With Britney Spears, after a basic extensive online background search I concluded that her current contact address is most likely:

Britney Spears
c/o ReignDeer Entertainment
394 Huntley Drive
West Hollywood, CA 90048

or you can just contact her and her management on myspace:

with all of that said....

This Google-based method of tracking down celebrities, politicians and other public figures normally works pretty well.

Step 6: Print, Package and Post.

Print it out, address the envelope, stamp it and shove the letter inside.

Drop it in a mailbox.

If you followed my method of letter writing, don't bother waiting for a response because the chances are very slim that you will actually ever get one.

Post the letter on your blog or website and make all of your friends read it.



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    24 Discussions

    You have been so thorough and informative. Thanks for sharing your time to help members of the instructables community.

    Please please can anyone help me????????

    May I please ask a grammar question for anyone out there who might be willing to help me?
    I have put all the following sentences into the spell check and grammar check . I have on my computer. None of them are marked as wrong. I don't understand how they could all be right. Please help me. I'm finishing a story I've dedicated to my mom. My mom has bone cancer and I desperately need to finish it and publish it before she passes away.
    The book is aimed at a grade three level assessed by the Fleish-Kincaid Readability test. (Typical children aged 8 and nine years old, should be able to read it without assistance.) I would like to keep it as simple as possible.

    1. Then the thunder came; and it was so loud, that it sounded just like Henry’s father’s car when the muffler fell off!

    2. Then the thunder came. It was so loud, that it sounded just like Henry’s father’s car when the muffler fell off!

    3. Then the thunder came, and it was so loud, that it sounded just like Henry's father's car when the muffler fell off!

    4. Then the thunder came; it was so loud that it sounded just like Henry's father's car when the mufflar fell off.

    2 replies

    Reply 8 years ago on Introduction

    I would go with:

    Then the thunder came. It was so loud that it sounded just like Henry’s father’s car when the muffler fell off!

    Aburame Shino

    10 years ago on Introduction

    I first saw this and though, "Wow, the stupidity of this idea." When I read it, I felt like a complete jackass. This is really insightful and informative idea. Tell me, did you ever get a response from Britney Spears?

    2 replies
    Aburame Shinorandofo

    Reply 10 years ago on Introduction

    They obviously do not appreciate the time and effort it goes into writing such letters for them. Pfft. Ungrateful celebrities.


    11 years ago on Introduction

    putting a cat in a box is hell of a problem. I have tried thinking too. Both are really difficult. good luck with the letters.


    12 years ago on Introduction

    Hi Randy, You have a wonderful style. The stream-of-consciousness mode is not for everyone, but you make it work. I have not seen too many people with an effective talent like yours; you combine humor with dead-seriousness! Keep it going!, Hank.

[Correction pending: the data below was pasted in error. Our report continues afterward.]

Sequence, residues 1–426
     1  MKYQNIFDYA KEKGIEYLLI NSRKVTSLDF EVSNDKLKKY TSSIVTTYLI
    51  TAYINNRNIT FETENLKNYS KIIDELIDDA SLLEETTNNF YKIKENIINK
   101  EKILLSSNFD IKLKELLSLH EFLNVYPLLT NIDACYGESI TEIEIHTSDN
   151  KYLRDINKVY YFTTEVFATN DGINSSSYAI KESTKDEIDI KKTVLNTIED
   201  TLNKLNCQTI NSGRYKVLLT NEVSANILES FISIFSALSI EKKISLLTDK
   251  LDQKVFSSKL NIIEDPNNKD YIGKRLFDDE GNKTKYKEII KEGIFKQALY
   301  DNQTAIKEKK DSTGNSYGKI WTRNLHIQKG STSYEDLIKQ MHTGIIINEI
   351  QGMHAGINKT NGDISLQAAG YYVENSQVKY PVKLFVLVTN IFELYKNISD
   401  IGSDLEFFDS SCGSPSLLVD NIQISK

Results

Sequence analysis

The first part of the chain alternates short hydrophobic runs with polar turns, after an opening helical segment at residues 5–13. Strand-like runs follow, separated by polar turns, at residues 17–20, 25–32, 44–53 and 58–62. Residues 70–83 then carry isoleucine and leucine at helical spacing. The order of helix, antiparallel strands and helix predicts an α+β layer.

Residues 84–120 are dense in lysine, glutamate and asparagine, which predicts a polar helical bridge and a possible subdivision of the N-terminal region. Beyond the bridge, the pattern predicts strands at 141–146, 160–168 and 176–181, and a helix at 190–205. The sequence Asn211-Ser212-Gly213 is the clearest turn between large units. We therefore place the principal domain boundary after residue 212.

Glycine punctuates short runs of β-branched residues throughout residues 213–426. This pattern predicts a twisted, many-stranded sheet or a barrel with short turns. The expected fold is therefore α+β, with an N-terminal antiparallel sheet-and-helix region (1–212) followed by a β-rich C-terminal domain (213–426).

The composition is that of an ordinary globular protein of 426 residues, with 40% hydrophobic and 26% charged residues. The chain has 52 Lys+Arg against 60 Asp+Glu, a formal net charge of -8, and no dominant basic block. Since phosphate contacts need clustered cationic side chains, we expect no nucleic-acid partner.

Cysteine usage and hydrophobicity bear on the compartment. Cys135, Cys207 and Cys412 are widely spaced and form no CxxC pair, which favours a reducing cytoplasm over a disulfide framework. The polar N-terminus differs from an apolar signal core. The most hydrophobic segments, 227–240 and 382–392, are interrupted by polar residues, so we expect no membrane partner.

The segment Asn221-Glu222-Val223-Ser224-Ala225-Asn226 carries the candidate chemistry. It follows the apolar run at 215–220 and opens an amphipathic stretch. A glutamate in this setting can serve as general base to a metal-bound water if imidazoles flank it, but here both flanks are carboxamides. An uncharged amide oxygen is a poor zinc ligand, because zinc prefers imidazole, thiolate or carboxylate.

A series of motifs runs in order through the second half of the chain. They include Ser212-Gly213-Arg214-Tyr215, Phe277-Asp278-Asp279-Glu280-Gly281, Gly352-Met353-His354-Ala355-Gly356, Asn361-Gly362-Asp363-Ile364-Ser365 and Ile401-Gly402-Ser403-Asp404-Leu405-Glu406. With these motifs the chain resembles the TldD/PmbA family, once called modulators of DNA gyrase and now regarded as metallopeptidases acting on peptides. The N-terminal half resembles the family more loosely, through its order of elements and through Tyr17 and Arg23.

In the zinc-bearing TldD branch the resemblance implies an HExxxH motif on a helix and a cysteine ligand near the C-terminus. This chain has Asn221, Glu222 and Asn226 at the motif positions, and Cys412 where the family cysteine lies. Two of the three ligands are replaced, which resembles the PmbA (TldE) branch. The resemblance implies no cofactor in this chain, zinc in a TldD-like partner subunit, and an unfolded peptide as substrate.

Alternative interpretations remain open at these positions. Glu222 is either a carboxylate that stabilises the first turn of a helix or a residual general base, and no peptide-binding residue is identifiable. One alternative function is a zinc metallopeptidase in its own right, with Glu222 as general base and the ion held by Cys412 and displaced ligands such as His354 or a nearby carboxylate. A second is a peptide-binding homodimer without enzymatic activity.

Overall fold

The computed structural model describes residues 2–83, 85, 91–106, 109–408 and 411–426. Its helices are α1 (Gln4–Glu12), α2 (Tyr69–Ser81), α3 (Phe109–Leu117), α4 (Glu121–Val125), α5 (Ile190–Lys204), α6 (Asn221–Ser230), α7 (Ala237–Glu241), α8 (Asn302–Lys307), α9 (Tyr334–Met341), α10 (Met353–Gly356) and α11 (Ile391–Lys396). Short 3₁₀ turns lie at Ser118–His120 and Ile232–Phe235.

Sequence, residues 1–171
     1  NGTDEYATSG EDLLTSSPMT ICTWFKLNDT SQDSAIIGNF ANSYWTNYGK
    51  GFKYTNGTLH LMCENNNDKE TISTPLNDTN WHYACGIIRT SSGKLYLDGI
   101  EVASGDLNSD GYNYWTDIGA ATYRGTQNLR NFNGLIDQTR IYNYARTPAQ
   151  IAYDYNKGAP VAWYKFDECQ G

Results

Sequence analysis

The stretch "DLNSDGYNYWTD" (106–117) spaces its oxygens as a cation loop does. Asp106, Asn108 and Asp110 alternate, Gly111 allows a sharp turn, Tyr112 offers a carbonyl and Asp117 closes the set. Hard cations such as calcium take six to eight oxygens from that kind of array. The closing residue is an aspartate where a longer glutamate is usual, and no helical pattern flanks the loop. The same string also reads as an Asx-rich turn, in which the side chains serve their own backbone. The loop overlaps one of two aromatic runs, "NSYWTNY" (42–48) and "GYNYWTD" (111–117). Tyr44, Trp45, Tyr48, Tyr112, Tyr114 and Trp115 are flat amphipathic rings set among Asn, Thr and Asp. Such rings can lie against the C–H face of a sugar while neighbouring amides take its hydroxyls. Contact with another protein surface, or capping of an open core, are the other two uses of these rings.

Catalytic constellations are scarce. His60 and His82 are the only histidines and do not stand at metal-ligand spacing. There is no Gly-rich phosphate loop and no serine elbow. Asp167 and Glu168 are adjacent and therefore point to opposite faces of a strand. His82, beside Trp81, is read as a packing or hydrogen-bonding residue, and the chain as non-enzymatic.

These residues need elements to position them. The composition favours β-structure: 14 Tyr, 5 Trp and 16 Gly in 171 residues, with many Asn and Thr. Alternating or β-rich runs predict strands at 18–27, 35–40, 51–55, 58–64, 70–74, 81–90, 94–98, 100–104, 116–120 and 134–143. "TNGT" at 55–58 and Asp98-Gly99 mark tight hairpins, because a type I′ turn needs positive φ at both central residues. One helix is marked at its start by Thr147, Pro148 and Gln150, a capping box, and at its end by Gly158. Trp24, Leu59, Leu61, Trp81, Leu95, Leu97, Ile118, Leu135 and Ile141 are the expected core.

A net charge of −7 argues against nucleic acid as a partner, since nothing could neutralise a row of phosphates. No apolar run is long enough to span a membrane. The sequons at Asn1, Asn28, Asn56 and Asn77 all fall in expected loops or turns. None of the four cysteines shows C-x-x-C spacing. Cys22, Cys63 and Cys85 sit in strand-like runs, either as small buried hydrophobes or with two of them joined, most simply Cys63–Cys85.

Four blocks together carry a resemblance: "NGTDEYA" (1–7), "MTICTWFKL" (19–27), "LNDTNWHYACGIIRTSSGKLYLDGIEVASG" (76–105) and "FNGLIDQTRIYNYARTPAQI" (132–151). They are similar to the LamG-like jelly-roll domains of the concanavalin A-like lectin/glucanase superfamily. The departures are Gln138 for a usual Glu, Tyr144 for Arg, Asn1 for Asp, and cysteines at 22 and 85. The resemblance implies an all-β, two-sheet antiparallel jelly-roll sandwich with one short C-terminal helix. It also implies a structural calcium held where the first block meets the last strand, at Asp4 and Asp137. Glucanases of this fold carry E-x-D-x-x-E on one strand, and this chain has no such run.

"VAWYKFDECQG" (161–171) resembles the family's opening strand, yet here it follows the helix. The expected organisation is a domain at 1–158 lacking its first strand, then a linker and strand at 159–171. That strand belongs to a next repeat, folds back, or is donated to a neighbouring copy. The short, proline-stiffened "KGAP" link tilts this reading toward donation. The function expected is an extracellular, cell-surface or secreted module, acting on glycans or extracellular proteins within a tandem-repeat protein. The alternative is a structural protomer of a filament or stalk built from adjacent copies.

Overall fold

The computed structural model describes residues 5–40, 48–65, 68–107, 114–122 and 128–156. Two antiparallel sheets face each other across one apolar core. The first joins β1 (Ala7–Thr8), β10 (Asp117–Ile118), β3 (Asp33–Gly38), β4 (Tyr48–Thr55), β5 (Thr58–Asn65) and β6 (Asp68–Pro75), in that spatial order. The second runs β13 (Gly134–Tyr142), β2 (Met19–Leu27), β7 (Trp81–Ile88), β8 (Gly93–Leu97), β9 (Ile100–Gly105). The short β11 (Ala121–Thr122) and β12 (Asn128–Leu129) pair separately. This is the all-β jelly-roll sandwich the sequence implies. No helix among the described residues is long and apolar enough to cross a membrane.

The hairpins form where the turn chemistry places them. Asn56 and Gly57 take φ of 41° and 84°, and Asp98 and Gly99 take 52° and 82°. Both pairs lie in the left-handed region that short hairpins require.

12 years ago

    Name and town, name and town, name and town...


    12 years ago

    So I've browsed through most of the letters on your site and read several in their entirety, and in general the content is rather thought provoking. But what I would really like to know is...Have you received a reply from any of the numerous addressees? I sincerely hope so, for the sake of the greater populace. Some of the addressees are rather important figure heads and it would be nice to know they care enough to at least have a staffer fire off a quick reply to an interested party (you). Cheers, and good luck with the letter writing, more of us should probably take part in the fun.

    1 reply

    Reply 12 years ago

    It was only recently that I concluded that documenting my responses (or lack thereof) might be a good idea. Although, in the past I've only received about three letters from living people. Every other letter I got back was an absurd form letter that made no sense considering the nature of the initial correspondence (there weren't even too many form letters at that).


    12 years ago

    EWWWWW....A Mac...But over all a good instructable..I bet there are people that think the postal deliv service is just about packages these days.

    3 replies

    Reply 12 years ago

    Thou worm! Thou Mac-hater! Thou shalt be Darned to Heck for all of Eternity for thy speech!


    Reply 12 years ago

    That... Or cursed with the Blue Screen of Death...


    Reply 12 years ago

    One thing about his use of a Mac... No misspellings! The grammar's pretty good too.


    12 years ago on Step 4

    Breaking the text into digestible paragraphs might further enhance this project. That said, the form here is in good keeping with the stream-of-consciousness content. Either way, this was entertaining!

    2 replies

    Reply 12 years ago

    I'm sorry...I'll go sit in a corner for five minutes... But fifty points extra to whoever can figure out which author and story my vituperation was taken from! Hint hint..."Thou wretch!–thou vixen!–thou shrew!...thou whippersnapper–thou sink of iniquity!–thou fiery-faced quintessence of all that is abominable!–thou–thou-"